CBO: Raising Medicare age produces small savings
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Raising the eligibility age for enrolling in Medicare won't produce nearly the cost savings that had been assumed previously, said a new report issued Thursday.
WASHINGTON -- Raising the eligibility age for enrolling in Medicare won't produce nearly the cost savings that had been assumed previously, said a new report issued Thursday.
The Congressional Budget Office analysis says that phasing in an increase in the eligibility age from 65 to 67 years old would lower the budget deficit by just $19 billion over the coming decade. Savings would rise more in future years, however.
The CBO report says many people who otherwise would be on Medicare would be eligible for subsidies under the new health care law and that many others would receive primary coverage through their employer or their spouse's employer. And those entering the program at 65 or 66 are, on balance, healthier than other enrollees.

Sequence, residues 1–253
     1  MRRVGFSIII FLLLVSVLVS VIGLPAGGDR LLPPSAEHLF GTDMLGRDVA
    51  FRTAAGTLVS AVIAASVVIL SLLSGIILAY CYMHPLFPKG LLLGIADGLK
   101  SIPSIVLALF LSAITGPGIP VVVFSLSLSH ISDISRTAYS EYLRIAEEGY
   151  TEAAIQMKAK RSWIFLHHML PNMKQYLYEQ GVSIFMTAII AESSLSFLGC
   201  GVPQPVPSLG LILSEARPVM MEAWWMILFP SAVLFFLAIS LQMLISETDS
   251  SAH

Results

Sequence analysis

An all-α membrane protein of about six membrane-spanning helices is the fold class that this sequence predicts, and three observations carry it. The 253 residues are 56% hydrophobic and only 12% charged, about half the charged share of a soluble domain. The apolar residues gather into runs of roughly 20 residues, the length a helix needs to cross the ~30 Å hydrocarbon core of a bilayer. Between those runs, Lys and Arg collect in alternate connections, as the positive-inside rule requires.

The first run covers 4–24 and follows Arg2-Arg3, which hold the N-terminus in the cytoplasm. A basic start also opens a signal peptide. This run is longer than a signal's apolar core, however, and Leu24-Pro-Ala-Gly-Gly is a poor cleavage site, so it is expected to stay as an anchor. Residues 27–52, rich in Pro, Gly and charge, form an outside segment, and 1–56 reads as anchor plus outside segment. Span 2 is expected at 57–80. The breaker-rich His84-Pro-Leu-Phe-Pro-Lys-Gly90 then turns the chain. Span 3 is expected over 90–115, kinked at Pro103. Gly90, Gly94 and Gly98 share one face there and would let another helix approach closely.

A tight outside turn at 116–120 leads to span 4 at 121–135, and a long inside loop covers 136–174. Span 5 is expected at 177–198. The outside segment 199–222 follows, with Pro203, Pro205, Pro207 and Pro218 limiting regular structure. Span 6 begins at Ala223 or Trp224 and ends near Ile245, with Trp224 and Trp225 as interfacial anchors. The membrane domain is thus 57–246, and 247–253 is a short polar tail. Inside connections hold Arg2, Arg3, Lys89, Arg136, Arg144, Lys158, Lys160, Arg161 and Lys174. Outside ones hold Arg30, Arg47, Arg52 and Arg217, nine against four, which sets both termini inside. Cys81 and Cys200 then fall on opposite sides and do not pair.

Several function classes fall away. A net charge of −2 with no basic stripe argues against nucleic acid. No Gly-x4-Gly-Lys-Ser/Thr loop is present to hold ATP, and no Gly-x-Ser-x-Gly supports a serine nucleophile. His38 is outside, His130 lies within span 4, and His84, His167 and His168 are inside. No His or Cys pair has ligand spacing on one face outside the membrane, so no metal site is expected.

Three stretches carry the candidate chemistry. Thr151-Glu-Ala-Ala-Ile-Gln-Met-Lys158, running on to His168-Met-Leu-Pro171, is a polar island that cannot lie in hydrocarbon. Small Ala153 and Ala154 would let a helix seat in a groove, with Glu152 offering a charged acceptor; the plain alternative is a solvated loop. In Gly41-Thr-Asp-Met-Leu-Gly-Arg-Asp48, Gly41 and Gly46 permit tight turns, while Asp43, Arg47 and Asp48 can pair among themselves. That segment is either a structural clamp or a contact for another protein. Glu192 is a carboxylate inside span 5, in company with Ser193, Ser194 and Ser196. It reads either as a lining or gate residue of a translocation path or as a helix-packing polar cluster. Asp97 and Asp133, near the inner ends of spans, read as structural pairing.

Raising the retirement age is a proposal embraced by budget hawks, particularly Republicans seeking to lower the program's unsustainable growth. But Democrats and advocates for senior citizens like AARP oppose the idea and it's a non-starter in the current round of budget negotiations getting under way in Congress.
A CBO study last year predicted the eligibility age increase would generate $113 billion over a decade.
Raising the eligibility age would produce significantly greater savings after it is fully phased in. CBO's study assumed the phase-in would track the implementation of an increase in the Social Security retirement age to 67.
Looking further ahead, CBO predicts that by 2038 the age hike would cut Medicare costs by about 3 percent compared with current law.
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